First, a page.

SM: Yes, I have always been intrigued by scent. As a child, my favorite place to visit when we lived in South Dakota was the stock yards…a very odiferous place, to be sure. I also loved the smell of skunk, and, of course, my grandmother’s flowers, grapes from my uncle’s vineyards, and the wonderful smells from my mother and grandmother’s kitchen. My favorite gift was a perfume locket given to me by my grandmother, my father’s mother, Clarissa, when I was 13. How could I have known then that much of my life would be devoted to interacting with the natural world, creating wonderful scents and putting them into soaps, candles, natural perfumes, and skin care products?

MoL: What are your favorite scents, and why?
SM: My favorite scent is the scent that presents itself during a special moment in time. I have so many fond memories associated with scent. For example, though it did not smell “good,” I love remembering working with my Aunt Irene in the egg grading and washing room on her farm. It was musty and there were chicken fecal odors mixed with rotten sulfur odors from bad eggs. But that is an odor I associate with the best of times! One evening, while traveling in New Zealand, I walked into a bed and breakfast in Dunedin and there was a jasmine plant in bloom. It was an intoxicating moment I will never forget. I think about it every week, though it happened over 16 years ago. I love tuberose, sweetgrass (which I grow and harvest), and all of the wonderful odors of the Adirondack forests. I’ve recreated many of those in my product line.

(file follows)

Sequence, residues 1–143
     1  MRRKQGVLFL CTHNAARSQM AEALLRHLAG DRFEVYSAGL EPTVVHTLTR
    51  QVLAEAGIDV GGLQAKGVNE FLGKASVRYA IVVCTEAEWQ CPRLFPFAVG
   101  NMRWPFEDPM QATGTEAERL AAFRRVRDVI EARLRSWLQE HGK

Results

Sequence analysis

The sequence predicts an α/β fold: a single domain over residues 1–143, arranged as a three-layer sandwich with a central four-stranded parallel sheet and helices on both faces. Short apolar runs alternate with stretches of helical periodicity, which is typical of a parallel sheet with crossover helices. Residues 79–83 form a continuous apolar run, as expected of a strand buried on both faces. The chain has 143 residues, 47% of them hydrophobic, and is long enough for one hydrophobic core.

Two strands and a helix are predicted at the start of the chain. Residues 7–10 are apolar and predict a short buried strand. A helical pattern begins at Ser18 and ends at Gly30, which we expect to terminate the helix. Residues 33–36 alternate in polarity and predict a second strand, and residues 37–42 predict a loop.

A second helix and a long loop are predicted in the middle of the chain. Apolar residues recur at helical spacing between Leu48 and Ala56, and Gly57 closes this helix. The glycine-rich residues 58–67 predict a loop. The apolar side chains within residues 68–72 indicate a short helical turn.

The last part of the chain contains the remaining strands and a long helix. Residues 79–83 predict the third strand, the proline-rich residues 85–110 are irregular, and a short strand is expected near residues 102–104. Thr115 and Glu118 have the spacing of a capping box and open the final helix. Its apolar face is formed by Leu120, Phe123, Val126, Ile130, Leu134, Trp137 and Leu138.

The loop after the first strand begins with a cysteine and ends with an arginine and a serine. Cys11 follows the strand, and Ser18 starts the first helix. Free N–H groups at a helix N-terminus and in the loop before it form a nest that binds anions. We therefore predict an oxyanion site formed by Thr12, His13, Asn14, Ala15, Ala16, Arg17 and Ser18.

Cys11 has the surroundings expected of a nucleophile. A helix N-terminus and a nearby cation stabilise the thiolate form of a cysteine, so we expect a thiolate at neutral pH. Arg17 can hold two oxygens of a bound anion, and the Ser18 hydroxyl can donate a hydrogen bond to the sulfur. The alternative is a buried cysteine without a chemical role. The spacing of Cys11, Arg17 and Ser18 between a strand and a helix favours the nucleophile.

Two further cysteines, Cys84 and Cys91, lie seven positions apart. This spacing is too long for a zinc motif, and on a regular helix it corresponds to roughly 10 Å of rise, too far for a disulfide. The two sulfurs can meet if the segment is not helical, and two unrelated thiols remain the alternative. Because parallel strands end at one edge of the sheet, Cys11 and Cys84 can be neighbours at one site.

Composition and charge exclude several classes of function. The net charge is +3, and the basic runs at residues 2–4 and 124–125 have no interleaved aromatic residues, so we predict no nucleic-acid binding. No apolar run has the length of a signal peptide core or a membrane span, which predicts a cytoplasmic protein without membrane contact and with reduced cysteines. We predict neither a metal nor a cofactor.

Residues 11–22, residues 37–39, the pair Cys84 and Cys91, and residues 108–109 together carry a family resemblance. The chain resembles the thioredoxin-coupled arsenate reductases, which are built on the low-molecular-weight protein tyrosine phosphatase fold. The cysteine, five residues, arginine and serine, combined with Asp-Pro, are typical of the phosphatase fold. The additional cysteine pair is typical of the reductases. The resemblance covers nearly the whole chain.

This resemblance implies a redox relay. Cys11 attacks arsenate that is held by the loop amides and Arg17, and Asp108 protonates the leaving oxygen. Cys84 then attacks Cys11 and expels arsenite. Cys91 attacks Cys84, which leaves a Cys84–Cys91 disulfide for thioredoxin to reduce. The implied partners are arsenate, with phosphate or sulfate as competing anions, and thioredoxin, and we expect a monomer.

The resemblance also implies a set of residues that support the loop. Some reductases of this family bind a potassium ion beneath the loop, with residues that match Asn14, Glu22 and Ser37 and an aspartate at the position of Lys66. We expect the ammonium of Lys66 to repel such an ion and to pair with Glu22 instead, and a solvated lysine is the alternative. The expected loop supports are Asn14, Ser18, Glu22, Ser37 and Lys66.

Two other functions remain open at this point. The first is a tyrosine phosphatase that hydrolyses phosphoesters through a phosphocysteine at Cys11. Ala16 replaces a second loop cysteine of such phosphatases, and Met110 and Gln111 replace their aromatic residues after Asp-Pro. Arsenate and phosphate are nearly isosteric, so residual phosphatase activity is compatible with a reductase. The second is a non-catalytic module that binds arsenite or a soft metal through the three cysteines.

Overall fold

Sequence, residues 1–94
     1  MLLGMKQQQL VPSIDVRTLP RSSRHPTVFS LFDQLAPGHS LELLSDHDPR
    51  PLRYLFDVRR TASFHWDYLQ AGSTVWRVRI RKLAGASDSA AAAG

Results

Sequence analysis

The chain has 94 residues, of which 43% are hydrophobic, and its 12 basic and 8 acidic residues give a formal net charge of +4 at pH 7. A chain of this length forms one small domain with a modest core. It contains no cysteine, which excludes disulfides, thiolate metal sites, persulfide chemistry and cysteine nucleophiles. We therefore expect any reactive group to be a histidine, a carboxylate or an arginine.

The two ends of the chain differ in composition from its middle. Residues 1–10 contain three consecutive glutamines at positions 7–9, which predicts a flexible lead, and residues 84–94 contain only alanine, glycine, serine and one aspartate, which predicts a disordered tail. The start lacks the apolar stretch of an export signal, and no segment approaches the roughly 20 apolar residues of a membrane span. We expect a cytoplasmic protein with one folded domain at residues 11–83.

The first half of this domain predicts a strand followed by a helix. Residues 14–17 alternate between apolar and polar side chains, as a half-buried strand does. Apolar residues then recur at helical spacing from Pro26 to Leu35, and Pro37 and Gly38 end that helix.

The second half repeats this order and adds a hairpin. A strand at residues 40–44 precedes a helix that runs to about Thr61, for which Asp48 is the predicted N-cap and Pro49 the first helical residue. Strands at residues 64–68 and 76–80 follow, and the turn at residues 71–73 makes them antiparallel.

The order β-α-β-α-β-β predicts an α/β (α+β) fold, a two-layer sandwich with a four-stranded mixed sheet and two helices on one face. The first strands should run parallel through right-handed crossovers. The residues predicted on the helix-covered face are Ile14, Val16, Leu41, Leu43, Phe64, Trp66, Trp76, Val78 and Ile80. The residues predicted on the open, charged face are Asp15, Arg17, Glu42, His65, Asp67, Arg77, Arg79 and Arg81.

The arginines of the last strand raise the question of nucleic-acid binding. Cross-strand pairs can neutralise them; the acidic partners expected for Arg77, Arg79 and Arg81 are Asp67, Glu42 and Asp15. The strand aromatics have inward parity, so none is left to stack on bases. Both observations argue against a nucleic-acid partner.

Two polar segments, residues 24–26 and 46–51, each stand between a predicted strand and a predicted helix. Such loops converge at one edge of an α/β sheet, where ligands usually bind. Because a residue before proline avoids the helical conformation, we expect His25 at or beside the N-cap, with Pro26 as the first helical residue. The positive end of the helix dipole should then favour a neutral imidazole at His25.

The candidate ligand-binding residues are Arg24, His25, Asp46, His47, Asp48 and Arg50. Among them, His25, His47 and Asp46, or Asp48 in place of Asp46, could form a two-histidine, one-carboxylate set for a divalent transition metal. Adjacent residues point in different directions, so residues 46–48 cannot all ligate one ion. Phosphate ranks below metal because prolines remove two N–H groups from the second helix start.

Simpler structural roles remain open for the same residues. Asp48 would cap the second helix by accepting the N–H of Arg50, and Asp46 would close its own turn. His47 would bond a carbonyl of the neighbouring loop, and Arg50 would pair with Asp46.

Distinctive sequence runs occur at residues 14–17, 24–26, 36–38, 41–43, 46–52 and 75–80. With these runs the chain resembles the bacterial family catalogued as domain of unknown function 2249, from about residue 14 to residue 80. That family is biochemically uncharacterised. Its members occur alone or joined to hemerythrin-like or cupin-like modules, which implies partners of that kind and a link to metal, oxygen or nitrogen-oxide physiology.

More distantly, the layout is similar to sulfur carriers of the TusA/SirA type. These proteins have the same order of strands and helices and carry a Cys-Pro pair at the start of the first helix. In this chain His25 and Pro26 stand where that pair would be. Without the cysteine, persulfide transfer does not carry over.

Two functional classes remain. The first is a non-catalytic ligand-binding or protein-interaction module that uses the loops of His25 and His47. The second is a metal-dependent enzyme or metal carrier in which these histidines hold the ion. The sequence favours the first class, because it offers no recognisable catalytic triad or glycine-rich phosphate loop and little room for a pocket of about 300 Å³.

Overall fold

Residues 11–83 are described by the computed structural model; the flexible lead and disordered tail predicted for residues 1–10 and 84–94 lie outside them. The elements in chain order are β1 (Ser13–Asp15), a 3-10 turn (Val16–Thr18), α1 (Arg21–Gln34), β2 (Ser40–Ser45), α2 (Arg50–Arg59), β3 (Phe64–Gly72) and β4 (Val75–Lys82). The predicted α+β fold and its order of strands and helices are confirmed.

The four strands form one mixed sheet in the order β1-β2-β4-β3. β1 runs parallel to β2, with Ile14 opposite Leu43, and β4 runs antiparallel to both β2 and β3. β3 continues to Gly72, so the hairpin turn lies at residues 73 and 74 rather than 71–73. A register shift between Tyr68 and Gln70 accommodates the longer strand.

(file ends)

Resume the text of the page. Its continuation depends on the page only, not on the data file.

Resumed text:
MoL: Can you share another instance of when a scent presented itself in a special moment in time?
SM: A couple years ago, my husband was digging a trench from our spring to the house to lay a new water line. He hit a patch of putrid rotting sphagnum moss and mud. He came to the house for lunch, terribly smelly and disgusted. As soon as he said “putrid mud,” my interest peaked, and I went to smell it for myself. The next day I took some of it and made soap with it. After adding in some rose geranium and patchouli to the putrid mud in the soap, I had created a wonderful piece of olfactory soap art that I call “Mud and Roses.” It’s one of the top-selling scents I have.

MoL: What have you found most surprising about this field of work?
SM: I guess I am surprised that my life’s work has never been boring, even though I have been at it for over 35 years. It’s always challenging and teaching me in new ways. Even though it’s basically been the same vocation all of these years, it’s taken so many twists and turns, and brought so many interesting people and experiences into my life, that I never tire of it.